Nasal lavage for exposure and health assessment.
Siegel-PD; Short-S; Jones-WG; Leppla-NC; Lewis-DM; Ducatman-B; Ronk-EA; Bledsoe-T; Husberg-B; Jennison-E; Janotkova-E; Mull-JC; Shahan-TA; Al-Humadi-NH; Freeland-D; Odencrantz-J; Petsonk-EL
Sixth US-Finnish Joint Symposium on Occupational Health and Safety, People and Work, Proceedings of the Sixth FIOH-NIOSH Joint Symposium on Occupational Health and Safety, 8-10 August 1995, Espoo, Finland. People and Work - Research Reports 3. H. Nordman, J. Starck, A. Tossavainen, E. Viikari-Juntura, eds. Helsinki, Finland: Finnish Institute of Occupational Health; 1995 Aug; :81-86
A technique for performing nasal lavage at the worksite was evaluated. The technique involved instilling sterile solution warmed to 37 degrees-C through a heat softened catheter into each nostril of the test subject. The catheter was held in place by pinching the nostrils closed during which time the nose was vibrated by a pediatric percussor. After collection, the lavage fluid was centrifuged at 1,500 revolutions/minute for 15 minutes. Lavagate cell counts were obtained by standard cytochemical techniques. The lavagate was analyzed for eosinophil cationic protein (ECP), human serum albumin (HSA), tryptase, prostaglandin-D2 (PGD2), and leukotriene-C4 (LTC4) by radioimmunoassays. The technique was used during a survey of respiratory problems among 63 persons employed at two United States Department of Agriculture moth rearing facilities. During the survey the lavagates were also analyzed for insect scales or fragments. ECP, HSA, tryptase, PGD2, LTC4, eosinophils, lymphocytes, and mast cells were detected in the lavagates. ECP concentrations were significantly correlated with the number of eosinophils. Eosinophil counts were also significantly correlated with HSA concentrations. Lavagate LTC4 concentrations were significantly associated with over shift changes in 1 second forced expiratory volume, forced functional capacity, and peak flow measured in the survey. LCT4 concentrations were also significantly associated with respiratory symptoms such as asthmatic shortness of breath, nonasthma related dyspnea, and episodic wheezing. Insect fragments ranging up to 732 per lavagate were detected in some samples. The authors conclude that nasal lavage is a suitable technique for obtaining information on recent exposures and respiratory health status, particularly inflammatory changes in the nose that can precede asthma.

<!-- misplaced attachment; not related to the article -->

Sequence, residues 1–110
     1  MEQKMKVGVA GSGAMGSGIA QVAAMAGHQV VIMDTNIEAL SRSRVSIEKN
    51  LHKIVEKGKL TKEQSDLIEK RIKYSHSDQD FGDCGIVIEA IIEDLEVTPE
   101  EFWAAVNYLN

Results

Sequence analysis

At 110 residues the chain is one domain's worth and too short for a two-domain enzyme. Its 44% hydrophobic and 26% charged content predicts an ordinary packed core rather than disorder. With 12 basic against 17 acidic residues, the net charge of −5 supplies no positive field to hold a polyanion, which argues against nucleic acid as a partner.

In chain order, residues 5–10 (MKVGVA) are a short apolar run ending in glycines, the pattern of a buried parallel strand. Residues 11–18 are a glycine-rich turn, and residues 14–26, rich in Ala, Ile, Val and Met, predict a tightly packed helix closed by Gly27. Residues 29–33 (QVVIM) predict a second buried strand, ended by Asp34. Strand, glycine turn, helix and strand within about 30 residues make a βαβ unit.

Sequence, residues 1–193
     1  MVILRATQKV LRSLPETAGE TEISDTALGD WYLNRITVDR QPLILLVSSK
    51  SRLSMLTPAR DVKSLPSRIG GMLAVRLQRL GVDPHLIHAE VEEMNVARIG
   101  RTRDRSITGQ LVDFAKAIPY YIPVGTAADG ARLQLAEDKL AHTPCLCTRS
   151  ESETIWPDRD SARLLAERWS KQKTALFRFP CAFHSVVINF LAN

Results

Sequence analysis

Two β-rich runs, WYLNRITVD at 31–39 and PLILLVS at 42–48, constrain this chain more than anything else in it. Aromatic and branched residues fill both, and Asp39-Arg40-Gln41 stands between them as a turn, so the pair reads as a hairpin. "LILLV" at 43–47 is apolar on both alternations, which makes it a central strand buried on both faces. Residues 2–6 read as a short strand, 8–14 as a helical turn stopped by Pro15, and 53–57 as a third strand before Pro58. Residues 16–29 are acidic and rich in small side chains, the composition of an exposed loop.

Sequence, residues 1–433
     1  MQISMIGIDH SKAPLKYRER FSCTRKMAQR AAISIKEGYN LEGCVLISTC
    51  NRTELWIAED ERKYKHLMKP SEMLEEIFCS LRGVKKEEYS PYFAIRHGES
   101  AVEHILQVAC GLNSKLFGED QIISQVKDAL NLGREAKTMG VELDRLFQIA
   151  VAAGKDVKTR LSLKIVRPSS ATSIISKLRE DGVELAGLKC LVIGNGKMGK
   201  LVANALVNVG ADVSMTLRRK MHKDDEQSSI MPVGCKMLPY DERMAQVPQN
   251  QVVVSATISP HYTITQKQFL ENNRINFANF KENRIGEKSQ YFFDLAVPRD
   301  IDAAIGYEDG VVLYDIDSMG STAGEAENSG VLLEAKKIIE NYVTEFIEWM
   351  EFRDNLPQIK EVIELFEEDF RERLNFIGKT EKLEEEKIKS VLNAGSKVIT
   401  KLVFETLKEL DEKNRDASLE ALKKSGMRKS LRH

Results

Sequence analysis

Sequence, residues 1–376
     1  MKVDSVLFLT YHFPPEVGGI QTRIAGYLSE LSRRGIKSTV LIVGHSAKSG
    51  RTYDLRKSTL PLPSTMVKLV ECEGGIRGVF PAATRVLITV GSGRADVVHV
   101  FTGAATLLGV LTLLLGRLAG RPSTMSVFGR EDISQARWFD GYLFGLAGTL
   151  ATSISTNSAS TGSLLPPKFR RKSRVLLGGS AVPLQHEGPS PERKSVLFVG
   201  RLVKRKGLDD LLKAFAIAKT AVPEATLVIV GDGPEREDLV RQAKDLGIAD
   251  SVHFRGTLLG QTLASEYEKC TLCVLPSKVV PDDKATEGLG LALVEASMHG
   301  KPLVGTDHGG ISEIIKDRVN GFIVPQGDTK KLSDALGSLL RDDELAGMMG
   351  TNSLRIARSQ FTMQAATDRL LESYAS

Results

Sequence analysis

Nasal-cavity; Clinical-techniques; Insects; Risk-analysis; Occupational-exposure; Clinical-symptoms; Lung-function; Analytical-methods; Biochemical-indicators; Occupational-medicine; Respiratory-system-disorders; Nasal-disorders
Nordman-H; Starck-J; Tossavainen-A; Viikari-Juntura-E
Sixth US-Finnish Joint Symposium on Occupational Health and Safety, People and Work, Proceedings of the Sixth FIOH-NIOSH Joint Symposium on Occupational Health and Safety, 8-10 August 1995, Espoo, Finland. People and Work - Research Reports 3